Présentations Colloques

    Oral Presentation
    Session 4.01: Innovative economic instruments and institutions for achieving sustained groundwater use. Integrated socio-economic and biophysical modeling for groundwater and conjunctive use management
    Parker Timothy K.
    The New Sustainable Groundwater Management Act in California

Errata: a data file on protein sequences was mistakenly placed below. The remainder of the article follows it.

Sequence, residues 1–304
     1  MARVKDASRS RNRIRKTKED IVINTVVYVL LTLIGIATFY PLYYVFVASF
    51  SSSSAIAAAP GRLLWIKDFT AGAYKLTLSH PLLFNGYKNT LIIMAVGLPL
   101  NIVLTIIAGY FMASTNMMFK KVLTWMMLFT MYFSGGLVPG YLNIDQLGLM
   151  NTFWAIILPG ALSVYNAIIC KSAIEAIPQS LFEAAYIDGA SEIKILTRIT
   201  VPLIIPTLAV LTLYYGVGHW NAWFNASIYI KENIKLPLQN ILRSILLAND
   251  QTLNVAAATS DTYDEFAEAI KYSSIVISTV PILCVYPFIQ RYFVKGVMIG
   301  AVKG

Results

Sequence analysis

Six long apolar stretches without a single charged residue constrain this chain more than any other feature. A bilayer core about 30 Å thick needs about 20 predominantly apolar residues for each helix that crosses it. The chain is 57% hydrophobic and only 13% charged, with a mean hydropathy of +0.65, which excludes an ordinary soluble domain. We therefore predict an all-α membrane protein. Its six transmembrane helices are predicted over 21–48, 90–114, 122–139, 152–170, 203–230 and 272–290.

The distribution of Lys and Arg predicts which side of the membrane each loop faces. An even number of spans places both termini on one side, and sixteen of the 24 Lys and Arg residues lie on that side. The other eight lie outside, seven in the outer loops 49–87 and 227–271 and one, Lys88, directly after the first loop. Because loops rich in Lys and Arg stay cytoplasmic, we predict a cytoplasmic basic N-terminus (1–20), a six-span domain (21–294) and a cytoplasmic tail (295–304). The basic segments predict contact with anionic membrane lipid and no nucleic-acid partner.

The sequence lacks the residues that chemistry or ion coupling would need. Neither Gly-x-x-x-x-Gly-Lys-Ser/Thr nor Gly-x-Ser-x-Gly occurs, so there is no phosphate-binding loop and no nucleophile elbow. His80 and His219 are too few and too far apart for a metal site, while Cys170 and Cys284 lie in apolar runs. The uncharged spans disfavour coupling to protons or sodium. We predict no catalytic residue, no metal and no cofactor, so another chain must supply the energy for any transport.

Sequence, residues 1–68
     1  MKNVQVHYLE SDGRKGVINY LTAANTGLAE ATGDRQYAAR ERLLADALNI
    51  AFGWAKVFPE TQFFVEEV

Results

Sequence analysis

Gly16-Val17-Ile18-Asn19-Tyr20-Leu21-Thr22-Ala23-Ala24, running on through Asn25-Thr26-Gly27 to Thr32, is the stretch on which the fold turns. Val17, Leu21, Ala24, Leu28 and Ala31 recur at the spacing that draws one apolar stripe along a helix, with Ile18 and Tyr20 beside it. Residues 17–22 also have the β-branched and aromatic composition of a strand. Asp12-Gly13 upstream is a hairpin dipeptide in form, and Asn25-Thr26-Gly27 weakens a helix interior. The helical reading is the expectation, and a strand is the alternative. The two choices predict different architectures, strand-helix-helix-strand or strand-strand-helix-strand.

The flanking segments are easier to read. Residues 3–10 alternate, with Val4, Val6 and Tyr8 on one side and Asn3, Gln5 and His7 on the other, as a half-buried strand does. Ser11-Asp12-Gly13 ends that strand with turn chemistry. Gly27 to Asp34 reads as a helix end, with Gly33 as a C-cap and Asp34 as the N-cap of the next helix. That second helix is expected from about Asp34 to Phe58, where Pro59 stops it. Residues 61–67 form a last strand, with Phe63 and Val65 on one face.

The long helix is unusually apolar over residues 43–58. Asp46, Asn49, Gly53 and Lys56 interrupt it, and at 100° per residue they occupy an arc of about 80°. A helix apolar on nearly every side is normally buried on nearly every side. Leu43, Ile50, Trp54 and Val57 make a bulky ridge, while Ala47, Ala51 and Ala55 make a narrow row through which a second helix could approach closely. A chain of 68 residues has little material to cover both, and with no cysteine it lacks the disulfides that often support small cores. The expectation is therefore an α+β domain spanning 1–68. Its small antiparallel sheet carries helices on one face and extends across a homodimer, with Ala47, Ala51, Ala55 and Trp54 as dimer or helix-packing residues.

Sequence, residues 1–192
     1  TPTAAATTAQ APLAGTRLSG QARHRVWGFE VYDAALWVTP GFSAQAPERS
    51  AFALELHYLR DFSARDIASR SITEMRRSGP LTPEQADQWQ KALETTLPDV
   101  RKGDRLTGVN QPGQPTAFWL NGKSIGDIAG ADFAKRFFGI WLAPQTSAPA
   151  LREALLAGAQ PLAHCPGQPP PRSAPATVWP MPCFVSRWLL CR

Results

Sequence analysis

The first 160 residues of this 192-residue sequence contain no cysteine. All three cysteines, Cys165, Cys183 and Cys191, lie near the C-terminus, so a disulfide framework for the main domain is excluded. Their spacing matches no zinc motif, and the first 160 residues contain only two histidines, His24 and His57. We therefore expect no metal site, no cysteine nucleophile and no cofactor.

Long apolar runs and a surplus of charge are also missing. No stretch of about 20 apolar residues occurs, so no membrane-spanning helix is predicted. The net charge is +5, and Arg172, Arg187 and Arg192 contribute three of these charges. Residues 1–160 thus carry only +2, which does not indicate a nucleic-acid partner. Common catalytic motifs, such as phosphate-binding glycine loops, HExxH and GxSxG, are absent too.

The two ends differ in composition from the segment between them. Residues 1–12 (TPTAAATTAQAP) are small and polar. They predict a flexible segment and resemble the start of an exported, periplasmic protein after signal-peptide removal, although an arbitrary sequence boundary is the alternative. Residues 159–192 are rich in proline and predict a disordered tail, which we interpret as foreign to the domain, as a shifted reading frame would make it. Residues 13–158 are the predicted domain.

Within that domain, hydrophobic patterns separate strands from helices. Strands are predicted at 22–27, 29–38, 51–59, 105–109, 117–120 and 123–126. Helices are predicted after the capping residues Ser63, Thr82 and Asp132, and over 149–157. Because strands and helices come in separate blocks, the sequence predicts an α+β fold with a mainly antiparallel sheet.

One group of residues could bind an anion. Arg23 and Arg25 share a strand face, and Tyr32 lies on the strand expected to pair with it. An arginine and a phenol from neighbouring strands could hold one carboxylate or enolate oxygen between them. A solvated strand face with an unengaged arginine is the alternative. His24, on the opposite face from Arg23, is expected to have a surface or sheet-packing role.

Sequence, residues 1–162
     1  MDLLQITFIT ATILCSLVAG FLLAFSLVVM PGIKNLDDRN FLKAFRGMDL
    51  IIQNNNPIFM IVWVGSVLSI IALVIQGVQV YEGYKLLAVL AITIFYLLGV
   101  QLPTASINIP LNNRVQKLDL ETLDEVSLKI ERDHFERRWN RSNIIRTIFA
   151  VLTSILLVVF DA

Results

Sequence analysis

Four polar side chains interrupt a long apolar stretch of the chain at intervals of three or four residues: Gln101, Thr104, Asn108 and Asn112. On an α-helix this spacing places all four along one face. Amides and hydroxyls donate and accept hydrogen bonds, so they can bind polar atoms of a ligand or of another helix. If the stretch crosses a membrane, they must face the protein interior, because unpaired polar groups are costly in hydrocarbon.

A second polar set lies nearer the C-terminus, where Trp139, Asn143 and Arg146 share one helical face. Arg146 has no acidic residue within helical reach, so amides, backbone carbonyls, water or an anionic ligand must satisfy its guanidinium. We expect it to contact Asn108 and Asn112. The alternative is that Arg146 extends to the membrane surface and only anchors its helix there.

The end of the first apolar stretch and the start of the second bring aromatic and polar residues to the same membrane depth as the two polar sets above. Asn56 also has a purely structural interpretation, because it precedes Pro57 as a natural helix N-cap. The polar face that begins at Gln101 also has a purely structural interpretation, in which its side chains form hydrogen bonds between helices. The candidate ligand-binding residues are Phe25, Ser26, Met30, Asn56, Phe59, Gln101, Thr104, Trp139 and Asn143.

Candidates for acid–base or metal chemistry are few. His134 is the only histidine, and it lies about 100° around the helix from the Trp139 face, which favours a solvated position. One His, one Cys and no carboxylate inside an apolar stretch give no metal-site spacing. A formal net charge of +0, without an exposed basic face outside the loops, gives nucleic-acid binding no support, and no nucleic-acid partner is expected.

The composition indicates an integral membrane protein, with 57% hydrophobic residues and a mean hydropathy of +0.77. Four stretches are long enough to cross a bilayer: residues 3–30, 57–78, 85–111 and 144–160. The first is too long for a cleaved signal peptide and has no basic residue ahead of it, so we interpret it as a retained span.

California’s Sustainable Groundwater Management Act (SGMA) became effective on January 2015, a landmark new law finally regulating groundwater in a state that produces 50 percent of the fruits, nuts and vegetables in the USA and is the 7th largest global economy. Historic drought, wells drying up and many more being drilled, along with increasing land subsidence helped pass the new law. SGMA requires that 127 of California’s 515 groundwater basins, considered medium- and high-priority, do the following- (1) form Groundwater Sustainability Agencies (GSAs) to completely cover all priority basins by June 2017, (2) develop Groundwater Sustainability Plans (GSPs) by January 2020 for critically overdrafted basins and January 2022 for remaining priority basins, and (3) become sustainably managed within 20 years of GSP adoption. Sustainable groundwater management is defined as the use and management of groundwater in 50-year planning without causing undesirable results. Six sustainability indicators are defined as undesirable results- (1) chronic lowering of groundwater levels, (2) reduction of groundwater storage, (3) seawater intrusion, (4) water quality degradation, (5) land subsidence that substantially interferes with surface land uses, (6) depletions of interconnected surface water, adverse impacts on beneficial uses of surface water. Local agencies that supply or manage water, or have land use authority are eligible to form GSAs, which must develop and manage to measurable objectives and minimum thresholds for the six indicators in a groundwater basin. SGMA also defines “sustainable yield” as the maximum quantity of water, calculated over a base period representative of long-term conditions in the basin and including any temporary surplus, that can be withdrawn annually from a groundwater supply without causing an undesirable result. Currently, GSA formation is taking place in many basins in the state, the most difficult part of SGMA. Regulations are being developed for GSP requirements, which will set the stage for what level of groundwater industry effort is required in the near and distant future to try and reach sustainability in the next quarter century in California.


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